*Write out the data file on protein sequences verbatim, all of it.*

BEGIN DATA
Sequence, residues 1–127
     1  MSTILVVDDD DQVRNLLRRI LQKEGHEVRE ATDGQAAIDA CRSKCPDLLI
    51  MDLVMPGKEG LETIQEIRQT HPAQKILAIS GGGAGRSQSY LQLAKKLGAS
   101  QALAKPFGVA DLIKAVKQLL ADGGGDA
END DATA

Sequence, residues 1–127
     1  MSTILVVDDD DQVRNLLRRI LQKEGHEVRE ATDGQAAIDA CRSKCPDLLI
    51  MDLVMPGKEG LETIQEIRQT HPAQKILAIS GGGAGRSQSY LQLAKKLGAS
   101  QALAKPFGVA DLIKAVKQLL ADGGGDA